I usually make a point to go around to each of the tables selling things, in the hope that I might find something that I do not yet have. I am still searching in vain for a good vinyl copy of the Hootenanny Singers' first album. No-one seems to have one… and no-one seems too fussed about releasing all their material on CD either. However, on a whim I bought a new album of ABBA covers by Anne Wood (Donna from Australia's Mamma Mia!), which was a very pleasant surprise. All the versions were low-key and jazzy, similar to Tanita Tikaram's takes on ABBA. The album includes a rare cover of Dance (While the Music Still Goes On), in which Phil Spector is nowhere to be found, and a surprising version of Björn and Benny's song for Barbara Dickson The Day the Wall Came Tumbling Down.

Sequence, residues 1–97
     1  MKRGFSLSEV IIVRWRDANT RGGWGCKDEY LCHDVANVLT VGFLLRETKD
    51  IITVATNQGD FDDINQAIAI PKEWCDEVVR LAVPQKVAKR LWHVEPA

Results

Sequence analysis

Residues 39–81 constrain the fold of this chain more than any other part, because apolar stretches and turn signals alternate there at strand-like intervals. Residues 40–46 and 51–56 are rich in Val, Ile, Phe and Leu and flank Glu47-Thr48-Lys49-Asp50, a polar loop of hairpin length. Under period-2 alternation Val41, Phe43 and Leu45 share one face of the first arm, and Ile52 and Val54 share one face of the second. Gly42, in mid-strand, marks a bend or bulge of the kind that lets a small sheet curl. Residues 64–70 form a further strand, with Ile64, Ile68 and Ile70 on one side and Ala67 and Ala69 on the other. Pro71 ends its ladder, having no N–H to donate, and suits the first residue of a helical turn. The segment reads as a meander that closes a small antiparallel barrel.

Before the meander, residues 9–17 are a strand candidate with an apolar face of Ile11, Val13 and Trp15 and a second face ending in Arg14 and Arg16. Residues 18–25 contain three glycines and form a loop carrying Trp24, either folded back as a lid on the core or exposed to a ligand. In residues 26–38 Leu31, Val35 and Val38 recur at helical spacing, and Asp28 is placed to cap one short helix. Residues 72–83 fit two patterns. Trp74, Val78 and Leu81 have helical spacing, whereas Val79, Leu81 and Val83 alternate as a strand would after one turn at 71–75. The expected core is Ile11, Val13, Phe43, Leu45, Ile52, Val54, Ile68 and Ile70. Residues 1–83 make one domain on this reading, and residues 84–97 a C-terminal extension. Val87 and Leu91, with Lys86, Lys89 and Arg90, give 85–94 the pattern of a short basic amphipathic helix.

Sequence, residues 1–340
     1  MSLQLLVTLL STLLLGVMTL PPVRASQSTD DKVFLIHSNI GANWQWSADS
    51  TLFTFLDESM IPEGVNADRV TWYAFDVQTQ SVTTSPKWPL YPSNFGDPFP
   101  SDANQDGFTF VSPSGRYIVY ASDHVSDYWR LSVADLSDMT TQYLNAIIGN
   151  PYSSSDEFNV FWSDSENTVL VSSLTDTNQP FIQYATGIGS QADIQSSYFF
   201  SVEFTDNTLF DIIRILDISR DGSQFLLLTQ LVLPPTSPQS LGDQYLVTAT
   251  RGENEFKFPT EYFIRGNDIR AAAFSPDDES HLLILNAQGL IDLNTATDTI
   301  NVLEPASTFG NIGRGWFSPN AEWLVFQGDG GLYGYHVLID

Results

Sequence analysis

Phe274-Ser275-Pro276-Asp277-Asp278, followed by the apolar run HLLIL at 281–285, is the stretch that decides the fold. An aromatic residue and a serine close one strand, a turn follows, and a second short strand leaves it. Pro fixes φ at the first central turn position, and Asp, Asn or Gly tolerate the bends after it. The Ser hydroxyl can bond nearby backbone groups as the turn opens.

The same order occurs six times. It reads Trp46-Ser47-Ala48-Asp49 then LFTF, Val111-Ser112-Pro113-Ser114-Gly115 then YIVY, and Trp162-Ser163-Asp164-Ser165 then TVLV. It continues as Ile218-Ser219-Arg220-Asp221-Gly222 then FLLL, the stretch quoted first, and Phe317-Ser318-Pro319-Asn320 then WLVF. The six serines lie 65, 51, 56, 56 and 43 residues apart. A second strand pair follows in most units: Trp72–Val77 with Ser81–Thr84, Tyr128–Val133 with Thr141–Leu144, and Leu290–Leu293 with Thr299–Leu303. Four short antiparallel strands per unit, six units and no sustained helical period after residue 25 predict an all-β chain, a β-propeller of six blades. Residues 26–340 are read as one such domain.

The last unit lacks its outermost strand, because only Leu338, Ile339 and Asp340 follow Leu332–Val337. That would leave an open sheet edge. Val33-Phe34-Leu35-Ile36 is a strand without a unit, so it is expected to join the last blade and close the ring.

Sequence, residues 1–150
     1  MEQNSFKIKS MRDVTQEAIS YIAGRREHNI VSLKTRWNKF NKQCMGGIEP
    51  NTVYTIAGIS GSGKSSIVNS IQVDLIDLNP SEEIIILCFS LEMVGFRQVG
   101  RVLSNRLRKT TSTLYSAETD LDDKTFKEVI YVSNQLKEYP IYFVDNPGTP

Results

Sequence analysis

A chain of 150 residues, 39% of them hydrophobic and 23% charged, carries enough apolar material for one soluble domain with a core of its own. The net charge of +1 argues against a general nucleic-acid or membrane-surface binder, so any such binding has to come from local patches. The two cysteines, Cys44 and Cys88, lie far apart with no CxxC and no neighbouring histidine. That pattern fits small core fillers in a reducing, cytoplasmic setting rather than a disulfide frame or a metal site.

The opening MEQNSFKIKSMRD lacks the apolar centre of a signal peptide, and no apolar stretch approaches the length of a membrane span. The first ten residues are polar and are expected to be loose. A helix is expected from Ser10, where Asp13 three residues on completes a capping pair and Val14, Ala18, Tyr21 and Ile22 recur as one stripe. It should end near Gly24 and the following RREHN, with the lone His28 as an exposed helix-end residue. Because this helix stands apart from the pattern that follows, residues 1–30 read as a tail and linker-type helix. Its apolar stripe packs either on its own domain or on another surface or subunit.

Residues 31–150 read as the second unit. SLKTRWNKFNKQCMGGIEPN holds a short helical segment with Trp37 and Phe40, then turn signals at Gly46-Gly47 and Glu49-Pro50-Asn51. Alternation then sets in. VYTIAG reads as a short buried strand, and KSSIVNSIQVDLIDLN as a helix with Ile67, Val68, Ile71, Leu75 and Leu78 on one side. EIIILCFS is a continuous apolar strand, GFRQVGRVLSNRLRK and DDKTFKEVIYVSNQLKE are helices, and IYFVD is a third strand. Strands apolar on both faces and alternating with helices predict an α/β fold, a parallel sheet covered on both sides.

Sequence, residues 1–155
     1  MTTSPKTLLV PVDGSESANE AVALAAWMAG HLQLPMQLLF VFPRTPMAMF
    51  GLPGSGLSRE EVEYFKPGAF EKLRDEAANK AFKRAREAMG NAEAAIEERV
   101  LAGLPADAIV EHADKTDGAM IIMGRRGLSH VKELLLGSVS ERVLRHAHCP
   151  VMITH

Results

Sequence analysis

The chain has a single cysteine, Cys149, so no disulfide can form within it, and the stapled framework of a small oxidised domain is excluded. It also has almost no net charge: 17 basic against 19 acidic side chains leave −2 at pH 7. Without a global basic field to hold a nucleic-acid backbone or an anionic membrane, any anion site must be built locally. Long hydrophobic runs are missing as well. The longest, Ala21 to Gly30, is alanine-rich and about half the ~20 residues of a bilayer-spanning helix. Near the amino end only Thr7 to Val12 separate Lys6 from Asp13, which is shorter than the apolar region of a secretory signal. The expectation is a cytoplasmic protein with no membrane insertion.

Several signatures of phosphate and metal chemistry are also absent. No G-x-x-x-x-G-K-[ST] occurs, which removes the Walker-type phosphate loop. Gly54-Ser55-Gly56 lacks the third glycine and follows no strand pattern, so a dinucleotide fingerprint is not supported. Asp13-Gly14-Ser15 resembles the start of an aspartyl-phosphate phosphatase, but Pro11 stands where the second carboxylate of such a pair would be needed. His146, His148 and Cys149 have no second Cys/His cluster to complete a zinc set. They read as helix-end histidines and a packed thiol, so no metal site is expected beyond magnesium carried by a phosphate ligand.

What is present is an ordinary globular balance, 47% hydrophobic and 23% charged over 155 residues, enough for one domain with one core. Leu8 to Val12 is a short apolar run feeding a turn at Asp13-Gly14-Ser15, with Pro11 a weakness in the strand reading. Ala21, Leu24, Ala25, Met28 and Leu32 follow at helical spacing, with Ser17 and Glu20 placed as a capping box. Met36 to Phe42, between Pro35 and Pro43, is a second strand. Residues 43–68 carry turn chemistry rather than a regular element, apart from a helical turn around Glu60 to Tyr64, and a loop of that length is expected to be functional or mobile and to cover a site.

As the years have gone by, however, it has become far more important for me to meet up with the great ABBA-fan friends that I often manage to see only once a year. For the first time in several years, almost all of the people I had met at my very first ABBA Day in 2000 attended - still, there were a number of people that were sadly missed. One of them was Vaughan Davies who normally conducts the stage interviews during the day. Since he was not going to be able to attend this year, Helga had asked me to fill in. This time the interviews were to be with ABBA's art director Rune Söderqvist and their bassist Rutger Gunnarsson. Rob Beuving had put together a fantastic set of questions and demonstrations to have a sort of Master Class with Rutger Gunnarsson, but unfortunately Rutger was unable to travel on the day. Hopefully this can happen another year.